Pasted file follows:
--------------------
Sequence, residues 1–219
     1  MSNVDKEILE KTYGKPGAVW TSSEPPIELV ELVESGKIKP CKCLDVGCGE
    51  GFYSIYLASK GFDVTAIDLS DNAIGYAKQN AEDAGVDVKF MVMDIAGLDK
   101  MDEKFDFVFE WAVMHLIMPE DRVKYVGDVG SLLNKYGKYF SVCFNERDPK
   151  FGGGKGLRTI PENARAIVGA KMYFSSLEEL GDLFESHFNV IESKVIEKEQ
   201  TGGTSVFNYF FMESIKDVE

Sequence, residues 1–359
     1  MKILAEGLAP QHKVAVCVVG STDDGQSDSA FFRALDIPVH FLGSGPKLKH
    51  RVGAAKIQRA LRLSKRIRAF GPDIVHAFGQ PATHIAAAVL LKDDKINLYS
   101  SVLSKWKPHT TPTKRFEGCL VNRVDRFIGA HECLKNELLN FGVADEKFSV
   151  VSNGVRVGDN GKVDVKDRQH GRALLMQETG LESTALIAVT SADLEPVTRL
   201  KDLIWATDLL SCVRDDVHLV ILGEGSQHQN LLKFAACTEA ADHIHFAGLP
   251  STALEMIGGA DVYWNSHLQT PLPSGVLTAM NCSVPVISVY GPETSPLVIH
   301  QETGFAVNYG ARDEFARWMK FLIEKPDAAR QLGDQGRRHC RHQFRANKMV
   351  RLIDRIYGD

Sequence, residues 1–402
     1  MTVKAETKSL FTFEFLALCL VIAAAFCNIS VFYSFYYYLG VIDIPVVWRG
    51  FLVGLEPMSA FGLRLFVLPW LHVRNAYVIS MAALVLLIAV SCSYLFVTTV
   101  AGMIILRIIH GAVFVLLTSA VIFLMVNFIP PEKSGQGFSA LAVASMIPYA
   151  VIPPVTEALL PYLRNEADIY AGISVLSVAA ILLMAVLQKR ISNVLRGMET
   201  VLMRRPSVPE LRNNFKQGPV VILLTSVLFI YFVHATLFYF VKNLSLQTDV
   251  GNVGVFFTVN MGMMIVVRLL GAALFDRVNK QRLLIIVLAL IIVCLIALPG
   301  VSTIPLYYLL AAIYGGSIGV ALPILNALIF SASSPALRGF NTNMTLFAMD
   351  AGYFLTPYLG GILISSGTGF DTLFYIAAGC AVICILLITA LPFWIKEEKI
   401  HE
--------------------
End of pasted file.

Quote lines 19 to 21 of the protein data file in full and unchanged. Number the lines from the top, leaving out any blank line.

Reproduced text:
   101  AGMIILRIIH GAVFVLLTSA VIFLMVNFIP PEKSGQGFSA LAVASMIPYA
   151  VIPPVTEALL PYLRNEADIY AGISVLSVAA ILLMAVLQKR ISNVLRGMET
   201  VLMRRPSVPE LRNNFKQGPV VILLTSVLFI YFVHATLFYF VKNLSLQTDV